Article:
Tracing hold’em’s extensive roots

Oct 3, 2005 3:28 AM

Carol, I sure do like this Oklahoma food — cornbread, beans, ribs, scramble eggs and wild onions, center-cut pork chops, fresh buttermilk, and strawberry shortcake with homemade ice cream.

Of course, we’re back at the Cherokee Casino and Resort in for my 78th birthday poker party. I plan to seve all of the poker players at my birthday party poker cake and green money.

In my last GamingToday column I promised I would send a copy of my book "The Gentleman Gambler" to the first reader that emailed me the correct name of the first ever limit Texas hold’em tournament that was played in Las Vegas.

We have a winner: Tracy Lane of Gastonia, North Carolina correctly identified that inaugural poker tournament. Tracy remembered that the legendary poker room manager, Bill Boyd of the original poker room at the Golden Nugget, was the creator of that first ever Texas Limit Hold’em tournament.

Boyd , who was the best five card stud player in the world, as well as a member of The Seniors World Championship of Poker/Poker Players Hall of Fame, designed the tournament in a number of very interesting and unique ways.

Actually, I played in this poker tournament event and it was a lot of fun.

But before I tell you how it was played, I have made you wait long enough for the answer. It was the Most Money Won Texas Limit Hold’em tournament.

Now, here is how Bill Boyd arranged for it to be played. here is how MR. BOYD arranged for it to be played!

No. 1: You could buy-in for any minimum amount in any of the limit hold’em games that was being played in his room. Yes, you could change tables or change limits, but the limits did not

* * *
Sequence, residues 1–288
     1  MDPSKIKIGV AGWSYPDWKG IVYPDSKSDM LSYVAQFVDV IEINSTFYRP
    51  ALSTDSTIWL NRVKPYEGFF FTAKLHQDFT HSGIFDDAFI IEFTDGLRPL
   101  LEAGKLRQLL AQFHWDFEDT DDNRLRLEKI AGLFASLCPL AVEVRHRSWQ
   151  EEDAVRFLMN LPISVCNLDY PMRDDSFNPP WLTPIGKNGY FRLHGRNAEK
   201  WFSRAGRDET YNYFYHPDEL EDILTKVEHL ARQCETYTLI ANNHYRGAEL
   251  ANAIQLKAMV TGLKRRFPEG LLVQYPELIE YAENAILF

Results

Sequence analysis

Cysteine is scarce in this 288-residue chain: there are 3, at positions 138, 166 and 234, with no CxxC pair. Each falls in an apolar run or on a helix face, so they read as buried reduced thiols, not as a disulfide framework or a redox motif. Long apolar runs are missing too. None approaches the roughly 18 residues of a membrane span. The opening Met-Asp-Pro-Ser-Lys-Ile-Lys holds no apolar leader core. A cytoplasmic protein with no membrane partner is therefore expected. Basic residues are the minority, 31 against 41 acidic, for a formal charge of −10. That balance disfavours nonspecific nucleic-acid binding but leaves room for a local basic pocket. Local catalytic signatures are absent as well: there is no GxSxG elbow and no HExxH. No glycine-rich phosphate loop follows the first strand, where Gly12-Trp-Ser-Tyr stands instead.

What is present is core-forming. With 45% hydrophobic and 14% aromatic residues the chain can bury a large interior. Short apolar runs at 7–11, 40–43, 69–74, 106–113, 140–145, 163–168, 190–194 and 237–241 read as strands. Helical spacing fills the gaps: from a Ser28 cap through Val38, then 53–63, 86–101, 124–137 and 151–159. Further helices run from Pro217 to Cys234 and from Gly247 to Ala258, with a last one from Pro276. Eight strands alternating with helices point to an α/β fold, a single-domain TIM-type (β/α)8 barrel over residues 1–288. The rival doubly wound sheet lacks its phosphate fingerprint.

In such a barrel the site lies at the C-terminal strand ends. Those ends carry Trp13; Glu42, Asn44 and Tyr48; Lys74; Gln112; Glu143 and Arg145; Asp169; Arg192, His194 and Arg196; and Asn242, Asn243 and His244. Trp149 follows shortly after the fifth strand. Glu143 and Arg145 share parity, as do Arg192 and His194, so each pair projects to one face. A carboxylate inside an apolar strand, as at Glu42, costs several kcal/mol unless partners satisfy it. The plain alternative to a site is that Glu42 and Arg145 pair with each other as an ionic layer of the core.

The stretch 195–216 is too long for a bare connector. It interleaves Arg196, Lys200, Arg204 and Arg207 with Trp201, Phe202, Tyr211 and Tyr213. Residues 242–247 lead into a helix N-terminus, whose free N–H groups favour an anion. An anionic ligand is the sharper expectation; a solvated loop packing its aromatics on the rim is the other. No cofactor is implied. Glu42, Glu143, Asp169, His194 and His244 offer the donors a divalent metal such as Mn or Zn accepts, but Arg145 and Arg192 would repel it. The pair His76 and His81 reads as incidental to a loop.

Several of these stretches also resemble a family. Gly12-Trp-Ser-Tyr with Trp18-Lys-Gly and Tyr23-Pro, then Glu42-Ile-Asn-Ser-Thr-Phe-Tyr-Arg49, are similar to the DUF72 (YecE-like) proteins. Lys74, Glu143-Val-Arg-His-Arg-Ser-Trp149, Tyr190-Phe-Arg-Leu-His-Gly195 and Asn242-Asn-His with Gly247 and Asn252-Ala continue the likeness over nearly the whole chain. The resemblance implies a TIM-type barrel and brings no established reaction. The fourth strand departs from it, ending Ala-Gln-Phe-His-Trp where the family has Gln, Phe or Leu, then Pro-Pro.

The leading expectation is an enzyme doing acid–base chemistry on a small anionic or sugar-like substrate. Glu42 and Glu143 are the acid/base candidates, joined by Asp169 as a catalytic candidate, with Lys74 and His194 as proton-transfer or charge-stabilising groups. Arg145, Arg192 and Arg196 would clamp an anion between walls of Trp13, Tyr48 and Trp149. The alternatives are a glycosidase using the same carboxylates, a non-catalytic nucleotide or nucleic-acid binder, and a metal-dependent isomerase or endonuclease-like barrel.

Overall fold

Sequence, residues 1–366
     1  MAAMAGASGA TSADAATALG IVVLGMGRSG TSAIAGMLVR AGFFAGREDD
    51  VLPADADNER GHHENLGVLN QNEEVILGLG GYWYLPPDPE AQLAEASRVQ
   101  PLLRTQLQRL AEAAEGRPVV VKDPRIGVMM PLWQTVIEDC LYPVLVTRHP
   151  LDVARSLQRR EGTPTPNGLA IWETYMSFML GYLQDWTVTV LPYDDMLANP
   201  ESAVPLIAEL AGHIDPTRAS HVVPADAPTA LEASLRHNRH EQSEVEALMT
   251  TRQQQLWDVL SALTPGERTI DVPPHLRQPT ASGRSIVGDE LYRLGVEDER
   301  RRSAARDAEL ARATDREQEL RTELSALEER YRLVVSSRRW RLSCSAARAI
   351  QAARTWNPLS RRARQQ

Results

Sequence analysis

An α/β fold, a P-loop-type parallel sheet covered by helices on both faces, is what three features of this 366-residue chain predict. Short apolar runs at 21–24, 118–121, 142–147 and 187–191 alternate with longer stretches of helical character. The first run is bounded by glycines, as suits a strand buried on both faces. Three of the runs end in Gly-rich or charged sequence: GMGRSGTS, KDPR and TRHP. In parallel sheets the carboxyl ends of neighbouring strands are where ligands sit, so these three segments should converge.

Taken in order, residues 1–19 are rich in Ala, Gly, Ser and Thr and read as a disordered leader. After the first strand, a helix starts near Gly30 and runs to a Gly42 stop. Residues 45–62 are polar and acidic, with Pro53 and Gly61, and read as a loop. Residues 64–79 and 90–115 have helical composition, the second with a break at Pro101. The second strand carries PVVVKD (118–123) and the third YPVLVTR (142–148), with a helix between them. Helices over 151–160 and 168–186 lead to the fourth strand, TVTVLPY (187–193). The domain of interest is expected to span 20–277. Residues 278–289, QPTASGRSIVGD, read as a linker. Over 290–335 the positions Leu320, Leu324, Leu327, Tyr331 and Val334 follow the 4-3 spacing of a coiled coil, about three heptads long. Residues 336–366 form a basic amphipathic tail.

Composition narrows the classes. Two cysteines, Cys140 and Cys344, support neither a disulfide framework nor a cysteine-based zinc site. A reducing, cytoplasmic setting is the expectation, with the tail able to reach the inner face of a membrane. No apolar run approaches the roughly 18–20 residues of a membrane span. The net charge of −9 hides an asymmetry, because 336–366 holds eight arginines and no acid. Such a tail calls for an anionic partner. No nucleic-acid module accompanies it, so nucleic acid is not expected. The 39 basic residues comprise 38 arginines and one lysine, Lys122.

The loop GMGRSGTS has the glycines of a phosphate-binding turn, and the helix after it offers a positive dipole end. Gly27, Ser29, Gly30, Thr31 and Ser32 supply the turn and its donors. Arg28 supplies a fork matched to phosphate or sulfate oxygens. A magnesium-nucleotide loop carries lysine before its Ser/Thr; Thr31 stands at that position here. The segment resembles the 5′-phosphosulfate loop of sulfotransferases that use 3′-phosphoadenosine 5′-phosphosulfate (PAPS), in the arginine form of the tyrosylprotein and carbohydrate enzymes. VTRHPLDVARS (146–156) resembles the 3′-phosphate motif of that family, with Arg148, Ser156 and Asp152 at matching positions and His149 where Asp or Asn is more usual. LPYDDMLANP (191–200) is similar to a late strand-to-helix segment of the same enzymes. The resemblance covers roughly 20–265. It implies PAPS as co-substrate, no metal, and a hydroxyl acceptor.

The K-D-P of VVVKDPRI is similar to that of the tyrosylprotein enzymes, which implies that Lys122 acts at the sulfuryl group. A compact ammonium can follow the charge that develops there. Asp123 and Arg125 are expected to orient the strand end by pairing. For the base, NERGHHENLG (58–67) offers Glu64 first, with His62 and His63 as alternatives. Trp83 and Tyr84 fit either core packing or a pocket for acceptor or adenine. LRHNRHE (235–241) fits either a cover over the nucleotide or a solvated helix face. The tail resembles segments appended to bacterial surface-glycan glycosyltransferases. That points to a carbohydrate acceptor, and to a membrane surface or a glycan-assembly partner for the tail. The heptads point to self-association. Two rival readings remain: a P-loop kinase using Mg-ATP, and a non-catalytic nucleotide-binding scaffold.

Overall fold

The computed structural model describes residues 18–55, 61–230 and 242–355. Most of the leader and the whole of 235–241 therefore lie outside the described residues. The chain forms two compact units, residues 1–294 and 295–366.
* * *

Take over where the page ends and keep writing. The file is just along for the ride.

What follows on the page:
change at each table. If you wanted to play higher you could move to a higher-limit table.

No. 2: You could start anytime and quit anytime.

No. 3: He signed up each player and gave each an accounting card. There was no fee, but on your card when you began to play he would record the amount of money that you started with.

No. 4: You were not permitted to add money to your stack without calling him over and having the additional amount added onto your card, which you kept with you at all times.

No. 5: Just like a live money game, you could go eat or be away from the table in accordance with the live poker playing rules. Basically, you could start and quit anytime you wished to do so.

No. 6: When you decided to quit for the day, you cashed out and the amount of your win or loss was recorded.

No. 7: Bill had three tournaments running at the same time, and you could play in any one or all three at the same time on the same record card. The three tourneys included:

”¡ Daily, from midnight to midnight, for those that were only going to be in town that day.

”¡ Weekly, from Saturday midnight to Saturday midnight, for those players who were in town for the week.

”¡ Monthly, from the first of the month to the end of the month, for the local or long —term visitors.

No. 8: The player who won the most money in those time periods won Mr. Boyd’s prize pools of $200, daily, $1,000 weekly and $5,000 monthly.

After a few months a few problems arose that couldn’t be controlled so the Most Money Won Texas Limit Hold’em Tournament had to be discontinued.

In effect, Boyd had to change and modify the event to stop the unethically dumping of chips from one player to another.

Sadly, a few bad poker players fouled up a very good poker promotion and the first-ever limit Texas hold’em poker tournament passed into history.

With that, it must be time for another slice of birthday cake.

Until next time remember to stay lucky.